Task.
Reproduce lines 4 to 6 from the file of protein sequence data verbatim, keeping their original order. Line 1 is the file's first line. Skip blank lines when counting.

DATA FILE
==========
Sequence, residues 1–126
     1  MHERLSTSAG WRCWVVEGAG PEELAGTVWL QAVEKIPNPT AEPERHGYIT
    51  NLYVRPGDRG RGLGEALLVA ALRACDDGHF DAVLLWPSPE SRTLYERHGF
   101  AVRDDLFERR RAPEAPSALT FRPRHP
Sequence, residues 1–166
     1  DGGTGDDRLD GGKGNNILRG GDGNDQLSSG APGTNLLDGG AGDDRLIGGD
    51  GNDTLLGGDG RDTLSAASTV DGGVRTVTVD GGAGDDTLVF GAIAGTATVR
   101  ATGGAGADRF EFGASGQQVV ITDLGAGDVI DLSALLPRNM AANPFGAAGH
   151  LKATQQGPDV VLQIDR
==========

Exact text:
   101  AVRDDLFERR RAPEAPSALT FRPRHP
Sequence, residues 1–166
     1  DGGTGDDRLD GGKGNNILRG GDGNDQLSSG APGTNLLDGG AGDDRLIGGD